Cash is King When Teaching Kids About Money
Posted by Amanda Brady on Jun 22, 2019
In the digital age, it’s becoming exceptionally rare to see people using cash when they’re out and about. But when it comes to teaching kids about money, this isn’t the lesson we want them to absorb. See why using cash has a powerful way to reinforce money management, and how you can use it to teach your children about fiscal responsibility.
A Different Response
When you use cash, you see the physical currency disappear from your wallet as you spend it. When you use plastic, money begins to seem much less tangible. You may not notice how much you’re spending until you review your monthly statement. Studies show that people who use cash tend to spend less than those who use credit cards. We start to physically attach to the wads in our wallets, no matter the size, after it’s been there a few days. When we reach for it, something in our brain tells us to be careful about just how much of it we give up.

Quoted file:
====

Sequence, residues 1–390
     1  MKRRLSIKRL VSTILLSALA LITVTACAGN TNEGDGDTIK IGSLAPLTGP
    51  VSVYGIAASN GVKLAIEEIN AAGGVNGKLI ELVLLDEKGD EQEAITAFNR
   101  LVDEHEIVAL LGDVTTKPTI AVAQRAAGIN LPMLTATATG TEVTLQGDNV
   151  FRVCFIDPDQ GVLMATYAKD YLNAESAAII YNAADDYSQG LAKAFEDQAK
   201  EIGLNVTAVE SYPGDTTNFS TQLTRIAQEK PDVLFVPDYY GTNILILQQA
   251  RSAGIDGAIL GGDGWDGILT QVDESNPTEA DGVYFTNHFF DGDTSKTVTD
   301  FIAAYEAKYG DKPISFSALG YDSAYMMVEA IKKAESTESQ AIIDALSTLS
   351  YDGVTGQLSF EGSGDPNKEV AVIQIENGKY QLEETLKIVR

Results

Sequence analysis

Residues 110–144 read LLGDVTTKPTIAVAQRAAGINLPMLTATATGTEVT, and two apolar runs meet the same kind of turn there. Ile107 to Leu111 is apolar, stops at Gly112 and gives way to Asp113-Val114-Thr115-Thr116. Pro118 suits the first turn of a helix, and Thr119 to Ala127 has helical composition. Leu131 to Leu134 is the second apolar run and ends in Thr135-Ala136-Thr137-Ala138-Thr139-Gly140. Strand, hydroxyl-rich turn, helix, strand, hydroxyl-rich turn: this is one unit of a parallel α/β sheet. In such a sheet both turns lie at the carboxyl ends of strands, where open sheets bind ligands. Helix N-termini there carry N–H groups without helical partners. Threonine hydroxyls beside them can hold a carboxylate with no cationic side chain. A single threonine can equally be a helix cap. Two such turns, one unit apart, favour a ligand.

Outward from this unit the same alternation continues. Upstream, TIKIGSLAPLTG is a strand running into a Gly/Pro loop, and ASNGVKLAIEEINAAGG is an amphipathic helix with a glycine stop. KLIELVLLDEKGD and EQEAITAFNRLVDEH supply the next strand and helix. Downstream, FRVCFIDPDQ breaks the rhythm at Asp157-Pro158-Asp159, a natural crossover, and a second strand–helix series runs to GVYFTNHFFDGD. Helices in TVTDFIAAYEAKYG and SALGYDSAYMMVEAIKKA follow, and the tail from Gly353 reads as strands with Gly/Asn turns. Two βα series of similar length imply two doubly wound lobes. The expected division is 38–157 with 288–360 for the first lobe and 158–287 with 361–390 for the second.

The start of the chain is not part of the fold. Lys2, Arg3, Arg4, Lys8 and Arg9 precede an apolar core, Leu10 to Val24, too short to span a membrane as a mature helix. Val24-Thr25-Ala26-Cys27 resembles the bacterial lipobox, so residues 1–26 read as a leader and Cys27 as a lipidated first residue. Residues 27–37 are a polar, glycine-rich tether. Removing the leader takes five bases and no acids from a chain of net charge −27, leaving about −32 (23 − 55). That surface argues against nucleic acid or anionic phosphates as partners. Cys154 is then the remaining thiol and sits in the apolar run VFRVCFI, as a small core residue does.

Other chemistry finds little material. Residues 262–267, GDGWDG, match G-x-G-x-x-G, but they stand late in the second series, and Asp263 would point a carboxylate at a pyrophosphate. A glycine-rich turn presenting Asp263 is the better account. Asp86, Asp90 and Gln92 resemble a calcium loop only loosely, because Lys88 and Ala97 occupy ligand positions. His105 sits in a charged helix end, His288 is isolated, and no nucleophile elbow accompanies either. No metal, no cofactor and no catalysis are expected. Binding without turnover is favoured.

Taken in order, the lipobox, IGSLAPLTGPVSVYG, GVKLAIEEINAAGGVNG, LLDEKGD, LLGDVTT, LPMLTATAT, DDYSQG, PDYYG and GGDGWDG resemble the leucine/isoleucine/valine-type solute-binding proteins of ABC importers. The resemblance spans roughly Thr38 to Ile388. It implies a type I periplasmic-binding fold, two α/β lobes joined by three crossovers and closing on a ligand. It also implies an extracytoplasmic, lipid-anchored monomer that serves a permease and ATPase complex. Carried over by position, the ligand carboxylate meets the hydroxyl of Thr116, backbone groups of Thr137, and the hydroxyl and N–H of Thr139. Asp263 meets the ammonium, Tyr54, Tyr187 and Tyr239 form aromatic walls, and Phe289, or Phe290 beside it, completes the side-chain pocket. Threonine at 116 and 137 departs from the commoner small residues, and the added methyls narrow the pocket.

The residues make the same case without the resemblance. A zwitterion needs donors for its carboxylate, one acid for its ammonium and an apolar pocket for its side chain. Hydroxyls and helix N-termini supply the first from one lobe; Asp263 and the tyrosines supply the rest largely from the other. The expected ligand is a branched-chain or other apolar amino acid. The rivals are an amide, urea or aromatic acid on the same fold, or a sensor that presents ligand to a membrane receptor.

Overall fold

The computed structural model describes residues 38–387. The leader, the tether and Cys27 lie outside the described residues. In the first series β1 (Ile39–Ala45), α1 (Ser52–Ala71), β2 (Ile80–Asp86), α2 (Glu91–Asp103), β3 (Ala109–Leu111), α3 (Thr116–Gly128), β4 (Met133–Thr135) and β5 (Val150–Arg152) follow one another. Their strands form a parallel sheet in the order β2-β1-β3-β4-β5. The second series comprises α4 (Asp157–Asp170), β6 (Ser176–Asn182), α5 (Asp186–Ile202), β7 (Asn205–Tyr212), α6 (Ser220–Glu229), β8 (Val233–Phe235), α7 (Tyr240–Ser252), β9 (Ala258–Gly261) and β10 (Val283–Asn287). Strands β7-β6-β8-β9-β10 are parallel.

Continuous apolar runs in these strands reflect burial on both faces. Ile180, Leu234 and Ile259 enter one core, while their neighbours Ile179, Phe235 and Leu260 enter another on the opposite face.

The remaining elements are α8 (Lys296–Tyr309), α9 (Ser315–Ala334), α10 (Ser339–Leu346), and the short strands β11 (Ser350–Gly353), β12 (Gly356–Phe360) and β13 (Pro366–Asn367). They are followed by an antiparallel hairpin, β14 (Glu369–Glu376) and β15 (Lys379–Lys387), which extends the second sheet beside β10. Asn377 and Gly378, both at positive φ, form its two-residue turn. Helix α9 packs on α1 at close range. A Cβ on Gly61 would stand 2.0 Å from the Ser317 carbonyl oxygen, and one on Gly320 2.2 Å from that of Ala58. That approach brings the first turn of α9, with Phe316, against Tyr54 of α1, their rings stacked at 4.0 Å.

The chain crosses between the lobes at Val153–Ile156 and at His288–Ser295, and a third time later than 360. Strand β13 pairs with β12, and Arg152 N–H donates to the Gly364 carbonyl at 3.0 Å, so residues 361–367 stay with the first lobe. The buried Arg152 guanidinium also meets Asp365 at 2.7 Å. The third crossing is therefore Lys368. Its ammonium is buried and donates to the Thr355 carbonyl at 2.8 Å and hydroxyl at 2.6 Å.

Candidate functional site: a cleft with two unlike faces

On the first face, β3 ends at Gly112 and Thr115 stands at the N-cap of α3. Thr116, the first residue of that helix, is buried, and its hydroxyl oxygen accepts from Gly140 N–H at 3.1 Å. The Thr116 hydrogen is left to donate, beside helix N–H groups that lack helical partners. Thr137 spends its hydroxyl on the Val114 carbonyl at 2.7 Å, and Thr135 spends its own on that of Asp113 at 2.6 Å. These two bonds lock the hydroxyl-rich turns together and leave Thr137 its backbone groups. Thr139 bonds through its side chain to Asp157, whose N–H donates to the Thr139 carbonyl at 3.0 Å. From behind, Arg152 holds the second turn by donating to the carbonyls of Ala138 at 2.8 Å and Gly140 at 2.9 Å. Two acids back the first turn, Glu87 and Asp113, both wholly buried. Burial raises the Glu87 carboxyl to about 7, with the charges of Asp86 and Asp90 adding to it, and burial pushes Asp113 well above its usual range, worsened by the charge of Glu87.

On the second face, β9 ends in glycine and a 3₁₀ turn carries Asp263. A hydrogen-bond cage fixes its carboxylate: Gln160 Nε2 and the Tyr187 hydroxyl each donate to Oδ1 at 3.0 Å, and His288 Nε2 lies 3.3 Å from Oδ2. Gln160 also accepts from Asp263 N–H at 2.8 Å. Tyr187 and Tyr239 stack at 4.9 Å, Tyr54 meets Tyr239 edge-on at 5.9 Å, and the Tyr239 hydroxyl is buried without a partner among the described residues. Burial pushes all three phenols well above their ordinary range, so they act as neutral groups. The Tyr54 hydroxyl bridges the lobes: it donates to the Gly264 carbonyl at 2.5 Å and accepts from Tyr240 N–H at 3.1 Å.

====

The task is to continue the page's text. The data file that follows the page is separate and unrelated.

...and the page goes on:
Practice What You Preach
You don’t have to stop using your debit card all together of course, but this summer is a good time to begin keeping cash on hand. Your kids will see how spending has a direct effect on how much a person has. If you use cash to pay for goods and services, they’ll see how a large fold of bills quickly turns into a single piece of paper floating around at the bottom of a wallet. It’s a good lesson for kids who are used to seeing people buy everything online (seemingly by magic).
Bring Your Kids In
Your kids can start to budget their money at practically any age, and there’s no time like the present. One idea to teach your kids the importance of cash is to give your child $10 when they’re at a summer festival. Let them know that there are no restrictions on what they can buy and they won’t be able to ‘reload’ at any point during the day. If there’s any change at the end of the day, they’ll be allowed to keep whatever is left over. No matter how they choose to use the $10, they’ll learn more about the consequences and rewards of managing cash. Their decisions at the festival will likely be very different when they know they have to pay for everything!